Helen Fullerton Event Manager Royal Bank of Scotland
1. You must have a huge responsibility within your role, tell me a bit more about it.
Yes, we look after leadership events for the CEO and Chairman, and for the Executive Committee (direct reports of the CEO), as well as managing and delivering customer facing events like the AGM, Shareholder events, and conference sponsorships & exhibition stands too, so the stakes are high.
2. What do you enjoy most?
Live event days – even after 13 years in the industry!
3. What is the best career advice you’ve been offered?
To get into events. I had no clue what I wanted to do after university, but my unofficial mentor pointed out that I was spending most of my spare time organising events – whether that was freshers’ week activities, or university sports competitions etc. I clearly had a passion for it already, I just hadn’t recognised it as a career choice because I was having fun
4. To get to where you are now, what has been your biggest challenge?
Taking risks, for example quitting a permanent job in a recession to go and get new experience on the Rugby World Cup in New Zealand, and moving to a new city to take on a 3-month corporate contract.
5. In your view, what makes a good leader?
Transparency and honesty – calling out the good and the bad with your own team and with stakeholders and suppliers.
Prioritising wellbeing and resilience for your team and for yourself.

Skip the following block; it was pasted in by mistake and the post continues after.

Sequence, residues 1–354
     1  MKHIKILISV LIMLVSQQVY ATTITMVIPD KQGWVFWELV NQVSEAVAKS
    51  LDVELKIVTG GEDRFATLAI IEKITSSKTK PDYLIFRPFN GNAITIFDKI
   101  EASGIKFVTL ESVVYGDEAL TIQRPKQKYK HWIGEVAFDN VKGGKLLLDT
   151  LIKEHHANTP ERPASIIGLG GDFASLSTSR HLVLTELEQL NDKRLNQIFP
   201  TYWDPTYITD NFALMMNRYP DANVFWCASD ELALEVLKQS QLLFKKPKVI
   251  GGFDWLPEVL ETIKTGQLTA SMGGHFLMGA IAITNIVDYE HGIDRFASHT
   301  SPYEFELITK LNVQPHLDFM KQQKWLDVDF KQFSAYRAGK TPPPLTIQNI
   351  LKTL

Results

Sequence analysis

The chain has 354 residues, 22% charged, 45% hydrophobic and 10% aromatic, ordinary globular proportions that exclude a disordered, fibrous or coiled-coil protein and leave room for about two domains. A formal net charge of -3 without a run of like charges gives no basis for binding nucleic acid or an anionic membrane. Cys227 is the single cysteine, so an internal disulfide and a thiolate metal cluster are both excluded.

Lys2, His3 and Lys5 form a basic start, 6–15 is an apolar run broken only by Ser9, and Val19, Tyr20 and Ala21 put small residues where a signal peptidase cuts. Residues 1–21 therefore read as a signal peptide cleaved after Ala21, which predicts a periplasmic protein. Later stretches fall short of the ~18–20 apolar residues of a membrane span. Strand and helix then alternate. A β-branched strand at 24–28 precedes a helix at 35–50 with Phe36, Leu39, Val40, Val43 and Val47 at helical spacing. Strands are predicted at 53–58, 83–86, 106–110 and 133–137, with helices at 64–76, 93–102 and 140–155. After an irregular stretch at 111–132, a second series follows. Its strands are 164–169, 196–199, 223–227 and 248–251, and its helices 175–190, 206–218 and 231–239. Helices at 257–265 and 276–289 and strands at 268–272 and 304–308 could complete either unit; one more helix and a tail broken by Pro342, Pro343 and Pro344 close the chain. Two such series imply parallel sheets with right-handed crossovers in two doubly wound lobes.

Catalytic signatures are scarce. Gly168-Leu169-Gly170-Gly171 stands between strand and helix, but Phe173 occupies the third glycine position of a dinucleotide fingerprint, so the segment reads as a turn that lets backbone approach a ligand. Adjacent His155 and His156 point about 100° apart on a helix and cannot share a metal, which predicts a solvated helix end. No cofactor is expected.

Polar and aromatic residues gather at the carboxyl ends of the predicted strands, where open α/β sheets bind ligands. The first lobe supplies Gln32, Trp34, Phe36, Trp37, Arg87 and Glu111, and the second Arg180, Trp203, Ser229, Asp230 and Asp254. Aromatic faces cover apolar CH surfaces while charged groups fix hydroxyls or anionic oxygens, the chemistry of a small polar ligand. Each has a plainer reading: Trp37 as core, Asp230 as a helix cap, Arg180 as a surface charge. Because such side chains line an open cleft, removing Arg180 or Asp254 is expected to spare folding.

Trusting your team, supporting them, and recognising what motivates each individual and challenging them to keep them engaged.
6. How do you continue to develop yourself and your skills?
Networking with peers is important and keeping on top of industry trends and innovations – as in-house corporate event managers, there’s a limit to what we can share about our events due to the confidentiality around events in finance; it’s great to take the opportunity to lift yourself out of your inhouse ‘bubble’ and see what’s going on in the wider industry. I take the time to attend industry events, I make the most of industry networks and I use industry channels and publications to find out what’s going on outside of the Bank and to get inspired.
7. What do you see as the biggest challenge for the industry at the moment?
Sustainability. It’s such a huge topic just now, and events as an industry is one of the most wasteful and unsustainable. It’s a difficult subject to address because, as event managers, we love to get people together in a room – you can’t easily get the same level of atmosphere or recreate the environment you want in virtual events. But face to face events inevitably equals travel and hotel nights and a big carbon footprint. You’ve also got the environmental impact of catering – what food is provided, where it is sourced from and how to avoid waste. Then there’s a plethora of other things to consider from the suppliers we work with, to event collateral and the wider Corporate and Social Responsibility piece too. We’re looking at ways to make our events more sustainable and to guide our colleagues in the Bank who are running their own events; it’s not easy, but we are making progress.
8. Any words of wisdom for those wanting to get ahead in the industry?
Get experience – event management degrees weren’t really around in the way that they are now when I went to university. I formed my own self-prescribed ‘grad scheme’ and got experience in exhibitions, Professional Conference Organising (PCO), sponsorship and hospitality, and latterly in in-house corporate events. Also, put time into building your network and your profile, and use your networks well; I’ve recently been linking up with ex-colleagues on a couple of projects who I worked with nearly ten years ago – you never know when you’ll cross people’s paths again and how you might be able to create opportunities for each other.